Genco Infrastructure Solutions, Inc.

B-403771.2: Feb 10, 2011

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Genco Infrastructure Solutions, Inc., of Pittsburgh, Pennsylvania, protests the award of a contract to Olgoonik Environmental Services (OES), of Wainwright, Alaska, under solicitation No. SP3300-09-R-0035, issued by the Department of Defense, Defense Logistics Agency, for warehouse and distribution support services. Genco challenges the evaluation of proposals.

We deny the protest.

DOCUMENT FOR PUBLIC RELEASE
The decision issued on the date below was subject to a GAO Protective Order. This redacted version has been approved for public release.

Decision

Matter of: Genco Infrastructure Solutions, Inc.

File: B-403771.2

Date: February 10, 2011

Wayne A. Keup, Esq., for the protester.
William K. Walker, Esq., Walker Reausaw, for Olgoonik Environmental Services, an intervenor.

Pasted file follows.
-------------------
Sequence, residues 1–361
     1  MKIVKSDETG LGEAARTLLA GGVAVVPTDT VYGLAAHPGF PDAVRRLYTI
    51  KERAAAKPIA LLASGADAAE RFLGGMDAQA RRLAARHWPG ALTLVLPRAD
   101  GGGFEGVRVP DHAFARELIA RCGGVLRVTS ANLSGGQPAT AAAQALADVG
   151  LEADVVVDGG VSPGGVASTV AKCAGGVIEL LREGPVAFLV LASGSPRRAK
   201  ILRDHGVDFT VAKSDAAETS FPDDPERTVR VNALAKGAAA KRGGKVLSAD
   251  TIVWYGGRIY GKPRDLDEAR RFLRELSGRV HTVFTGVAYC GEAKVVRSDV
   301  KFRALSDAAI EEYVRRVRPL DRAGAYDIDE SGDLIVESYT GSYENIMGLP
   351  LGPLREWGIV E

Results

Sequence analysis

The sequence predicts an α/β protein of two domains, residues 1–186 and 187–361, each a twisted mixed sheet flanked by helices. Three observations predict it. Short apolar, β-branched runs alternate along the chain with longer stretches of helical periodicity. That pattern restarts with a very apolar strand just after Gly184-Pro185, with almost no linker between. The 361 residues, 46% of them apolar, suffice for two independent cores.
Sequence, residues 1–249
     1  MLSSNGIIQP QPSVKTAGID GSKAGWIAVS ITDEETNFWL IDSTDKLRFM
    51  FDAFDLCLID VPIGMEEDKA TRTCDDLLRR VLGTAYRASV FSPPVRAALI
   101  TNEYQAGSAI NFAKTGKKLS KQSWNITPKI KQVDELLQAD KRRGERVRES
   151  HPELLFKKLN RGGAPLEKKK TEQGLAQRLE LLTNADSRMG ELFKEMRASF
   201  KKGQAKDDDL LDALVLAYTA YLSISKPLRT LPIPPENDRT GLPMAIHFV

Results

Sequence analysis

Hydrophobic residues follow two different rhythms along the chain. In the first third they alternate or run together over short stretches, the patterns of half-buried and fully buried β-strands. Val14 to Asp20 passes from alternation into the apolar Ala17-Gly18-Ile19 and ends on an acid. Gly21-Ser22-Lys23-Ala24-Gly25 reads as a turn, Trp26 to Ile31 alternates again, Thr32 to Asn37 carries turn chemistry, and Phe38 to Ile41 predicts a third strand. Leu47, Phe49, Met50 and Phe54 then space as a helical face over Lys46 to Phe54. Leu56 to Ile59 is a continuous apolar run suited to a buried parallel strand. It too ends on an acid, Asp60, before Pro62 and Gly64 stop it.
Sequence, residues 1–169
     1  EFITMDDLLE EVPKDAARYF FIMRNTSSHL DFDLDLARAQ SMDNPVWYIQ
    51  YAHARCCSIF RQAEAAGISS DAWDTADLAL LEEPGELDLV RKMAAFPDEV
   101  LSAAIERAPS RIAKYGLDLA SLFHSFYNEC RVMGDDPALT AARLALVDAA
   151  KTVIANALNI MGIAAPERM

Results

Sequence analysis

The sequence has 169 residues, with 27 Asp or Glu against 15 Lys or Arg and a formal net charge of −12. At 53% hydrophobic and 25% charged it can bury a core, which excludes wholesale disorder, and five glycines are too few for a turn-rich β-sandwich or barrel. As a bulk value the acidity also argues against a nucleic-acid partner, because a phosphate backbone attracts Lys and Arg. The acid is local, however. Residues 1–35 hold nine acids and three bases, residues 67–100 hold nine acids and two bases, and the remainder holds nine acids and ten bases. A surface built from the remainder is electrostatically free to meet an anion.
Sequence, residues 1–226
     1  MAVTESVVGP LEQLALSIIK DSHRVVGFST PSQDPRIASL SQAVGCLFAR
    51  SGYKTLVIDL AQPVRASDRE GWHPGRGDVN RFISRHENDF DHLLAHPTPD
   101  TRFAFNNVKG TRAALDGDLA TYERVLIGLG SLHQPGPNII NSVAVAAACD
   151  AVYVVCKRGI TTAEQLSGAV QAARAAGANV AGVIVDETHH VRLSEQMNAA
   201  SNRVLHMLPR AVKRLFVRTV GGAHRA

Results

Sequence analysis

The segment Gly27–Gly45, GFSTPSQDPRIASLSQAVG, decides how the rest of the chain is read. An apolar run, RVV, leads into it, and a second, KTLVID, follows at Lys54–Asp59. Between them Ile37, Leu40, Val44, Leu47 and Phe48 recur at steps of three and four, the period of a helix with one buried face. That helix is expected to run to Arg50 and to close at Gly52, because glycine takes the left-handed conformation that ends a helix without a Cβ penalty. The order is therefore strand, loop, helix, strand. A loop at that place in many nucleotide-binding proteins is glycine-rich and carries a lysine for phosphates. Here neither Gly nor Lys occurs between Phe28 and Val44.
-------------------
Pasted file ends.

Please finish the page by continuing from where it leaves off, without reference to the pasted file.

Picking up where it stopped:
Timothy J. Ryan, Esq., Department of Defense, for the agency.
Mary G. Curcio, Esq., and David A. Ashen, Esq., Office of the General Counsel, GAO, participated in the preparation of the decision.

DIGEST

1. Procuring agency may base past performance evaluation of offeror on the past performance of a subcontractor that will be performing a substantial portion of the contract.

2. Protest that awardee’s lack of experience should have resulted in a rating of less than acceptable under management capability factor is denied where solicitation provided for evaluation under that factor of offeror’s proposed approach to performance rather than its prior experience.

3. Protest that agency improperly considered HubZone evaluation preference is untimely where solicitation provided for preference and protest was not filed until after the initial closing date for the receipt of proposals.

DECISION